Why did you decide to study in the USA?
My decision to study in the USA is a combination of careful planning and passion for learning. I had always known for sure that I would go to the US because I liked the diversity and different opportunities here. So, when the chance came, I decided to take it and do it.
Why did you choose Goucher College?
Goucher College is really unique, and I couldn’t have made a better choice. I came here not only for the study abroad program, but I also for the people. The college is relatively small, and I get to know my professors really well. I’m also a student worker, so I have the chance to build close relationships with the staff. Here, everyone wants you to succeed, and there are resources that will help you for sure. And Baltimore is an incredible city with so much diversity, entertainment and cultural values.
What do you like best about your college?
Academically, I like the freedom to express my intellectual curiosity. I’m a triple major so I have a lot of interests in general. Sometimes the course content doesn’t align with what I have in mind, and the professor will agree and help me to execute what I want to do.
What do you miss most about home?
It’s always the food, especially around Lunar New Year. And my family, of course!
What was your biggest surprise about U.S. life and education?
Daylight saving time. Once, I came to work late because of this!
... your biggest disappointment?
I think for me, it’s the social issues that still persist in the US: racism, class struggles, etc.
How have you handled:
... language differences?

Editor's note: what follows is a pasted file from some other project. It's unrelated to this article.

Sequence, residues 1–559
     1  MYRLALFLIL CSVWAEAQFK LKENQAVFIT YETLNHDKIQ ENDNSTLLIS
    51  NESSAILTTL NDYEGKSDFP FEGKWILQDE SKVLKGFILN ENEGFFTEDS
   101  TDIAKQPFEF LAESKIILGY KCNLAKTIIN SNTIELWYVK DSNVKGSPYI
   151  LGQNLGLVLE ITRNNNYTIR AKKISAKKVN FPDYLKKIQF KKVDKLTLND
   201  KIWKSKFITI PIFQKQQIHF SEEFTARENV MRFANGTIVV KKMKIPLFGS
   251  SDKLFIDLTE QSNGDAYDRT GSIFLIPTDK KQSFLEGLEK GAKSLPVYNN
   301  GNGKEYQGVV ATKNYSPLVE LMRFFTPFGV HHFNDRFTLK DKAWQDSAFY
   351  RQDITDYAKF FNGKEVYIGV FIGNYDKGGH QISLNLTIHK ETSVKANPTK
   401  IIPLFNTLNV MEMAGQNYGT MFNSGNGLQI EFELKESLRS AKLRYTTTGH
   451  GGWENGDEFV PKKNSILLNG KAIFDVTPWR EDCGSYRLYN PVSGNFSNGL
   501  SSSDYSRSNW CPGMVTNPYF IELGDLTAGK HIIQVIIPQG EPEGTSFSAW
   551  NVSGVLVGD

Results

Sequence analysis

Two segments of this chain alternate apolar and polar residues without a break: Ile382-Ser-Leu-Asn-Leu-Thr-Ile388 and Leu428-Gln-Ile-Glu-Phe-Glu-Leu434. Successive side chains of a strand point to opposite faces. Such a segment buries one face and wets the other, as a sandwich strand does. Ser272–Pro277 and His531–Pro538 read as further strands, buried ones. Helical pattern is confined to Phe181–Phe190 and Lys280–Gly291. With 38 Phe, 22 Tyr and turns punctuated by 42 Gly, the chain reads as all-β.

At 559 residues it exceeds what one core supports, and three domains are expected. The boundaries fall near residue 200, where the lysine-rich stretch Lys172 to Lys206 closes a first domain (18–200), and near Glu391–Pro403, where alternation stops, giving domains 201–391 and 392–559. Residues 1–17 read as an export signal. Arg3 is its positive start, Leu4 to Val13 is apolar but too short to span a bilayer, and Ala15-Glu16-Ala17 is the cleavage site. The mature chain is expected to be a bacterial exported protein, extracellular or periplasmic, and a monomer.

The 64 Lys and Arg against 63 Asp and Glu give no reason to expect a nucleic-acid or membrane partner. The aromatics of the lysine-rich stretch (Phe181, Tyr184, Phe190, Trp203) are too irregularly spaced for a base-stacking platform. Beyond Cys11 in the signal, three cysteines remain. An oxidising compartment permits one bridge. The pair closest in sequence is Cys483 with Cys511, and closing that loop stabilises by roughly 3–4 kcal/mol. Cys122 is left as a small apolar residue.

Language is not much an issue for me personally, but that’s because I made a lot of preparations in Vietnam through English courses. I also enjoy learning languages in general. I think Americans are pretty open-minded towards international students, so I don’t have too many worries.
Because international students cannot get student loans, I take care of my financial situation thanks to the generous scholarship from my college and on-campus employment.
... adjusting to a different educational system?
There was a lot to learn when I arrived. I think teachers are more low-key and relaxed, and there is more direct interaction between students and teachers.
What are your activities?
Peer Listening: a student-run program with the goal to provide safe places for students to share their challenges and struggles - Study Abroad - Library and Special Collections and Archives.
How easy or difficult is making friends in the USA?
I’m an introvert, so it was difficult at first. But I think Americans are open-minded enough for you to really mesh in with the culture.
What are your career goals? How is your U.S. education relevant to your personal goals and to the needs of your country?
I think I’m too young to know for sure what I want to do. I do want to complete a master’s degree in Library Science and Information after my graduation. And as I think there is still a lack of appreciation and equitable access for knowledge and information in Vietnam, I hope I can use my studies in the United States to do something for the people there.
What is your advice to other students from your country who are considering a U.S. education?
I don’t think studying abroad is ever going to be a wrong decision or the mistake of your life. I think the world has so much to offer that if it’s really what you want to do, and if you can afford to do so, do it. And it’s never too late to start an education or change your careers. Learning is really a life-long journey that will continue to enrich your database of experience and skills. On the other hand, it’s expensive and there are times when you will be really disappointed, but it’s part of the experience. And feeling extreme homesick is real. That’s why I recommend learning how to cook some Vietnamese food!